There’s a new trailer out today for Lena Dunham’s upcoming HBO “dramedy” Girls and it looks fine. I enjoyed Dunham’s feature film, Tiny Furniture, and this show clearly has the same tone, not to mention the same cast, as the movie, so if you do the math it stands to reason that I will like the show as well. Besides, Fan Favorite Jenny Slate has a small role in it, I have heard. But one thing that stood out in particular while watching it was the montage of people describing Lena Dunham’s character: “you’re smarter than this,” “you are so self-involved,” “you were always like this,” and “this is why you have no friends from pre-school.” Eek! What a jerk! Now, again, that is basically the character description for Aura from Tiny Furniture, so clearly Lena Dunham is just exploring her “thing,” and even more importantly, that is almost exactly how I would describe almost any 24-year-old (minus the line about pre-school because who on Earth still has friends from pre-school?!). But if you track this “female asshole” archetype (based on the loose information of a web-video TV trailer, but still) alongside many of the “breakthrough” female characters of the past couple years, and here I am thinking in particular of Kristen Wiig in Bridesmaids and Charlize Theron in Young Adult, although I’m sure there are dozens of similar if not better examples that will be aggressively pointed out to me in the comments, we clearly seem to be enjoying a moment. And kind of a weird one. Let’s talk about it!
I think there is on obvious reason for this trend that is entirely positive:
Women are simply getting better and more complicated roles. Which is great. Obviously. The world is finally open to seeing a dramatic depiction of a woman who is an actual human being, which means flaws and ugliness. She isn’t limited to simply being a damsel in distress or a romantic ideal or a desexualized paramilitary pseudo-man. You’re allowed to “hate” her for who she is, rather than because of some kind of innate misogyny.
Also, most narrative structures involve some form of redemption, and who better to be redeemed than the seemingly irredeemable? The worse and less likeable a character starts out, the more room you have to bring us on board with their growth and emotional maturation.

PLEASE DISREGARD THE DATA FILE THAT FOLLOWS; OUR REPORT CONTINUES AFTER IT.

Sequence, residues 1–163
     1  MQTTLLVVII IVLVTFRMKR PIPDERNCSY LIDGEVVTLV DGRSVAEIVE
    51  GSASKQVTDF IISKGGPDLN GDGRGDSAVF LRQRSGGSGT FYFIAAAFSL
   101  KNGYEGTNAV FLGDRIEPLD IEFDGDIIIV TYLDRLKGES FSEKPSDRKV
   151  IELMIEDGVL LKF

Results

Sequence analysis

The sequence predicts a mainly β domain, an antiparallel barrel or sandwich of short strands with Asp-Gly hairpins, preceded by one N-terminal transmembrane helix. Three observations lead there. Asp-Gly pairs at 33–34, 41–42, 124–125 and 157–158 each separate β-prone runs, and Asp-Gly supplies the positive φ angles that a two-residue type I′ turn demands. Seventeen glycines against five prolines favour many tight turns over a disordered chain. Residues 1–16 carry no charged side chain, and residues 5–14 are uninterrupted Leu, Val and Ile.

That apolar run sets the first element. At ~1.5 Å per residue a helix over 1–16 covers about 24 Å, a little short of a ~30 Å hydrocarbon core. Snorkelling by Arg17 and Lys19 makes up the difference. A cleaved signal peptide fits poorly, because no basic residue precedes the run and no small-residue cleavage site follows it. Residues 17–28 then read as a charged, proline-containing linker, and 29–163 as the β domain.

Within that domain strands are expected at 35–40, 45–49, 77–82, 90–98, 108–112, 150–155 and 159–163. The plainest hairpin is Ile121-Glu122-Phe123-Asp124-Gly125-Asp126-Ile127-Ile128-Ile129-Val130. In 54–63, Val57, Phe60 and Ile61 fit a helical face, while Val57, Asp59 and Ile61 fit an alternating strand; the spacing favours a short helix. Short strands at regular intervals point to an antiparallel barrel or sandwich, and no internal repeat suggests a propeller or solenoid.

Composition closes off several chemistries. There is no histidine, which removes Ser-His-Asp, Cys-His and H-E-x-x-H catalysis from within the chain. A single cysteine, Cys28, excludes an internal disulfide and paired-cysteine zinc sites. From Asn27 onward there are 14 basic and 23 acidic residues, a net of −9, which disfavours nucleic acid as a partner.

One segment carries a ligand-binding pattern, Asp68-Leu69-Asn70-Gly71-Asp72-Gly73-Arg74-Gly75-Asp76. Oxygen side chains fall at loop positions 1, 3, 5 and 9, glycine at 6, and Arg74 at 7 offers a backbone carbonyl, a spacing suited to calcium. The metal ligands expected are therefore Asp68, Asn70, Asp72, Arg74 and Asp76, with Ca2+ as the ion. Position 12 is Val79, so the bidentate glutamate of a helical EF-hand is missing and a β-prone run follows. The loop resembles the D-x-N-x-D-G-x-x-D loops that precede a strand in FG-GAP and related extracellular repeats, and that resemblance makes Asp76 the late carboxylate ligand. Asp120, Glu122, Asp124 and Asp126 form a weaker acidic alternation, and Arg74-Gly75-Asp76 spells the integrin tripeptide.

But here’s where things get complicated: that second reason doesn’t actually apply. I can’t speak to Girls, but the main characters in all three of our examples (Tiny Furniture, Bridesmaids, Young Adult) do not change or grow or emotionally mature. They end their stories the same way they came in: selfish, self-absorbed, somewhat loathsome. They don’t even have any friends from pre-school left, if you can believe it. So what is this all about?
One could argue that people do not change all that much once they’ve entered adulthood. They’re fixed in their ways, they hold tight to their beliefs in the face of all reason, they calcify, they make the same mistakes over and over again. This may or may not actually be true. It’s just an argument. I mean, sometimes it’s true. And sometimes people totally change and learn and get “better.” But let’s at least agree that a story could be told about someone who doesn’t learn anything, who is unsympathetic, who remains trapped in a personal hell of their own contrivance without even realizing it or making any plans of escape. Fine. Yes. Agreed. But how many of these stories are we going to tell? All of them? Is this all of the stories now?
I’m focussing on female narratives today only because that is what jumped out at me. If you want to talk about the “male asshole” archetype WE’RE GONNA NEED A BIGGER BLOG. This goes back to the first point about women getting more complicated roles. The problem, of course, is that while this may or may not be a trend in movies about men, there are so MANY movies about men that it’s washed away as any kind of “issue” or “question.” Every aspect of the human condition, for better or for worse, for more thoughtful or more stupid, for hilarious or explosions, is covered for men. That’s a whole other topic of conversation. The point is that men are irredeemable monsters in movies, too, but it’s probably not even worth a mention. Because of course they are. They’re MEN! (Ding dong, am I right, ladiiiiiies?!)
But so what is this all about? Is it because movies/TV are a mirror to our true selves and we are all actually assholes and so assholes are what we get reflected back? Is it because of 9/11? What’s up, girls? What’s up, Girls? What’s going on? You OK? You want to talk about it?